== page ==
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trish: we've been all over the place today. we were down, we were up, down, up. a few more of those in there. we're down right now, down 94 points t was right around this time things got really crazy yesterday. it has been really crazy today. we've had sings of around 900 points today. i can tell you telecom, health care, energy, all leading us lower right now and why are we lower right now? what has changed, right, in the last couple weeks that suddenly had made everyone more
concerned? i'll tell you what it is. inflation. the fact that inflation might actually happen because we basically had none of it ever since the great recession, and the idea that that could come back, that's an adjustment for people. it means we would have higher interest rates. the fed would be raising rates. investors don't like that, in part because suddenly there is competition. people say, hey, maybe youi should put my money in fixed income bond instrument that would get me a guaranteed rate of return, plus my money back at the end of the coupon. and, or, i could put my money in the stock market and take a bit of a wild ride. so competition's good. joining me right now, economist doug holtz-eakin from the american action forum. i say, you know what? i love this idea of returning to normal here because it scares me when the 30-year is trading where it has been trading. it is as though people don't think thrill will be any
inflation 30 years from now, that is rather pessimistic attitude if you ask me, doug? >> i think you have got this right. worldwide they switched from extraordinary monetary policies, with what they do. world no longer awash with cash, buying up all securities you have competition between fixed income and stocks again. that is business as usual in the big picture and people get used to that i think there is part of this inflation story people got wrong, however. the notion on friday we saw employment report that showed 2.9% average hourly earnings growth, scared everyone to death, doesn't fit the math. wage growth of 2.9%. productivity of 2.1. that is below the fed's target nothing to be afraid of. people are not figuring out what to react to. they certainly shouldn't be concerned about that. trish: that is interesting point. everybody is asking me, the fed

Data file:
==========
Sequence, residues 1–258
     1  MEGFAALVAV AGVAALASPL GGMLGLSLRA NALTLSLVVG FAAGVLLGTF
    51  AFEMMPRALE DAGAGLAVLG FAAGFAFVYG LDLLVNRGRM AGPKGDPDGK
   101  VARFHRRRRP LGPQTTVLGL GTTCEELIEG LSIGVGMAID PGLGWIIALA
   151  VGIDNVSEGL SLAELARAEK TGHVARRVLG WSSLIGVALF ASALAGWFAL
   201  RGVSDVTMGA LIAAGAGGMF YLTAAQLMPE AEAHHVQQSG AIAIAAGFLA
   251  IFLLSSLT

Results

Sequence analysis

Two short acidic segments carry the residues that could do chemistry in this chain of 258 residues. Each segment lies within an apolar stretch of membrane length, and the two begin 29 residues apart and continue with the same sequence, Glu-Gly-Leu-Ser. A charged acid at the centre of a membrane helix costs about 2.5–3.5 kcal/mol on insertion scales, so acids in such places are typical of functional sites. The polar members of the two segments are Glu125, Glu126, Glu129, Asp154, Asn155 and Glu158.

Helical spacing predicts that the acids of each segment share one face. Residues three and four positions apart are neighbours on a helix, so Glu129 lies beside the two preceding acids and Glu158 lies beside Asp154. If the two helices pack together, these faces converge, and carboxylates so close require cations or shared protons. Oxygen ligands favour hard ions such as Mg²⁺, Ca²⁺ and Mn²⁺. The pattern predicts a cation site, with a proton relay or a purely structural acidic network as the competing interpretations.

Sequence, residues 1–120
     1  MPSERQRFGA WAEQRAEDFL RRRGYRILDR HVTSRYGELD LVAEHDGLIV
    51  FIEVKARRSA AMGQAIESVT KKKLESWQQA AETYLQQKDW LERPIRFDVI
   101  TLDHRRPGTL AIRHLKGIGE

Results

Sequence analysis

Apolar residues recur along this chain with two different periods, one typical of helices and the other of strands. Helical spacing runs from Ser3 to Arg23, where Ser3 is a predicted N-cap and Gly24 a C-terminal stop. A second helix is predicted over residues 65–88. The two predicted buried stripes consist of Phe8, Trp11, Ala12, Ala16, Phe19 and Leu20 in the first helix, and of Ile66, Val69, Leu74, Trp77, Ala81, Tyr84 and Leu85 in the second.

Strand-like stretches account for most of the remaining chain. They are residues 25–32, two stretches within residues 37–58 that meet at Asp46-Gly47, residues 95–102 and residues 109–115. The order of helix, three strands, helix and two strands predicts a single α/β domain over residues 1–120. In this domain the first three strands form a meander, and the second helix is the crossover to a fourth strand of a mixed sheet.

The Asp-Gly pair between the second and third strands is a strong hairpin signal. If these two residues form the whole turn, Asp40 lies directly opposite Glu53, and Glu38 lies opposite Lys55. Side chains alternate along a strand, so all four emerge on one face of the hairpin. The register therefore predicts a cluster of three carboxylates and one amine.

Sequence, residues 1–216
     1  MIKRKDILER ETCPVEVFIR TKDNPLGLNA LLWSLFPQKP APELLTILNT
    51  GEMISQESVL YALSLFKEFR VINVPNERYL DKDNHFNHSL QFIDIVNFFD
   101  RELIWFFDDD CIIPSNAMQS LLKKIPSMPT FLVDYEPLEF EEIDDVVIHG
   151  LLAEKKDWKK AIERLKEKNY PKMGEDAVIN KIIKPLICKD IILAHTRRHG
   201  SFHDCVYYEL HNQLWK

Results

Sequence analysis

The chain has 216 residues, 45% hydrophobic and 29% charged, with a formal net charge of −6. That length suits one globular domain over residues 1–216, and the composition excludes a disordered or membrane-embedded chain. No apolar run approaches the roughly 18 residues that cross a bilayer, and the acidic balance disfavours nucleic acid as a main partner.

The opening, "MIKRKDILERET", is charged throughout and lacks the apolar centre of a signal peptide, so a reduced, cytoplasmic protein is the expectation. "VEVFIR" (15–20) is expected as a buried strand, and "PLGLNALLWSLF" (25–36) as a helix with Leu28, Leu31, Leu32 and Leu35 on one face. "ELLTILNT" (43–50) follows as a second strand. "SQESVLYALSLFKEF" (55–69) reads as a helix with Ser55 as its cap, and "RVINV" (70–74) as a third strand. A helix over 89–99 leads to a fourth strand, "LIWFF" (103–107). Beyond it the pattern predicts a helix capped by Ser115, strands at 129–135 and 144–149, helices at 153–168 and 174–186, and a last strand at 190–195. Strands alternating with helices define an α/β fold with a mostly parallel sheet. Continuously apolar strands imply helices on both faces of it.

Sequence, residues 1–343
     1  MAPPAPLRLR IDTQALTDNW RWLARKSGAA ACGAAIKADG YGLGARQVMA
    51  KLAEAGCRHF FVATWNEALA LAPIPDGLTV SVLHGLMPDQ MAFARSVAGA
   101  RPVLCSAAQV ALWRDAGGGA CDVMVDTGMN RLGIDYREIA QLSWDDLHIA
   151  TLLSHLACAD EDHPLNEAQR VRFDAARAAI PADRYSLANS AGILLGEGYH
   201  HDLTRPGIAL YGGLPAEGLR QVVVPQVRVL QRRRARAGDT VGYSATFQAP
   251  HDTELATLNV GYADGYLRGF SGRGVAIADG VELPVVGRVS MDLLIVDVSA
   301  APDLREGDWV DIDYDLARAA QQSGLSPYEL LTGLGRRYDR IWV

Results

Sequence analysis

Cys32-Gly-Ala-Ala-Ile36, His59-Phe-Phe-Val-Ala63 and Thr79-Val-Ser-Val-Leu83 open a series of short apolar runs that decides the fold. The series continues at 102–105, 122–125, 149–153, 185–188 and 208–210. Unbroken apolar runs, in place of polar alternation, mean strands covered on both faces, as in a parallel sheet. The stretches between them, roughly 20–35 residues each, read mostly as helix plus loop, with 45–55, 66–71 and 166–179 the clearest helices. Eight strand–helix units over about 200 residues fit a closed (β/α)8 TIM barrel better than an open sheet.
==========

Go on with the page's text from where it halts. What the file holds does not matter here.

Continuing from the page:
will raise far more aggressively, do you think there is a chance that, they don't? >> i think, it is really kind of interesting. i'm, we've seen two things happen in the past three or four days. one is, a whole bunch of folks who said the tax cuts would never work are saying my god, they worked too well. we'll get all this inflation. the fed will have to move. tough be one or the other. you have to have a little consistency there. if the tax cuts work the way i expect them to with all the business tax reforms, that is pro-investment, pro-innovation, pro-productivity. as we said productivity takes inflation pressures out. i don't think there is anything to be concerned about on that front. it may be the case that the fed raises more aggressively. why would they do that? the new neutral fund rate is higher than they thought. that is good news. throw me in that brier patch. why the fed is raising rates is what matters. will grow more rapidly than average. trish: a second ago, why do you
think fed would raise? not because of inflation but because of? >> because, neutral is higher. they have got to get to neutral. and that's a good thing. if neutral is higher because -- trish: in other words they need to set a new normal. >> if it grows the economy that would be great. trish: because you can't have interest rates at zero forever. we're not at zero now but we were at zero forever. what if you have a crisis you need to fight, doug? >> you have lots of room, the fed has extraordinary power still on the downside. downside risk they can take care of. i think the real question has been what is their upside room to manuever? looks like there is lot more than there was before. that is something you have to take that consideration. trish: interesting stuff. douglas holtz-eakin. >> thank you. trish: how much of this volatility in the markets is actually due to volatility in washington? could they be linked? we're on that story. see you here next.